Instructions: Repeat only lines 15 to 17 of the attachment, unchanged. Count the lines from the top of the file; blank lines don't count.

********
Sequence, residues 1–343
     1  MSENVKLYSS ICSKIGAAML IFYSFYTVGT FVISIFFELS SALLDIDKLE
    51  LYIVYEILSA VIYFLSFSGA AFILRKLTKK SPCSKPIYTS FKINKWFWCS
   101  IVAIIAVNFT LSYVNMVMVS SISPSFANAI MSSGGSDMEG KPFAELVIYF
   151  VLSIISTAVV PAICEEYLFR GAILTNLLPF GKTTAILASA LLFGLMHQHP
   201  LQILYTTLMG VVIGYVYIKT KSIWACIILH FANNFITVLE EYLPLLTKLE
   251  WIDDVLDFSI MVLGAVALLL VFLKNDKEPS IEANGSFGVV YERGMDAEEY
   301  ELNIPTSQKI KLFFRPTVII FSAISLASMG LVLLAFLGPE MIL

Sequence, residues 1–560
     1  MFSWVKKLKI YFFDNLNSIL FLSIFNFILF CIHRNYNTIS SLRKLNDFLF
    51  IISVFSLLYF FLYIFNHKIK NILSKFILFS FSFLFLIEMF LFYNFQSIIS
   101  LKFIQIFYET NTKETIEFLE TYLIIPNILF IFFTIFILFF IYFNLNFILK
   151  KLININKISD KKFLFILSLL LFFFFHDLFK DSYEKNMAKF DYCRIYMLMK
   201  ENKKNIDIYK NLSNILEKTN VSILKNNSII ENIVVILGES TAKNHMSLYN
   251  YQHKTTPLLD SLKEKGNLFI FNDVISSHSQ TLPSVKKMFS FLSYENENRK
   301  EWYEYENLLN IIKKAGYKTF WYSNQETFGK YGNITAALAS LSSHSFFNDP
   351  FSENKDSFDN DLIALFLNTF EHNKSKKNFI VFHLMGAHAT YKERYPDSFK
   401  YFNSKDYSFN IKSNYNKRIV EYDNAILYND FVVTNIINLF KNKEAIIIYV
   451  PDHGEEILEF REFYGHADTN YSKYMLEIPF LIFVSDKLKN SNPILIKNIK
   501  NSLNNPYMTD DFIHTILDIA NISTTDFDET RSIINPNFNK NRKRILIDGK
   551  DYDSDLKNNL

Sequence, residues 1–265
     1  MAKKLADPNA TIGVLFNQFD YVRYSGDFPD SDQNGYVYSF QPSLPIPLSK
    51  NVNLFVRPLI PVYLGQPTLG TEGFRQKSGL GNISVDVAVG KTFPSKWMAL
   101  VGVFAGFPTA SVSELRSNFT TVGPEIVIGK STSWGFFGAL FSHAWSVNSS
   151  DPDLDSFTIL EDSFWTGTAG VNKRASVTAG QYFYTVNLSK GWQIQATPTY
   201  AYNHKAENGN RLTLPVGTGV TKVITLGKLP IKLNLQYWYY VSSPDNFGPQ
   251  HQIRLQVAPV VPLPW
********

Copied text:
   251  YQHKTTPLLD SLKEKGNLFI FNDVISSHSQ TLPSVKKMFS FLSYENENRK
   301  EWYEYENLLN IIKKAGYKTF WYSNQETFGK YGNITAALAS LSSHSFFNDP
   351  FSENKDSFDN DLIALFLNTF EHNKSKKNFI VFHLMGAHAT YKERYPDSFK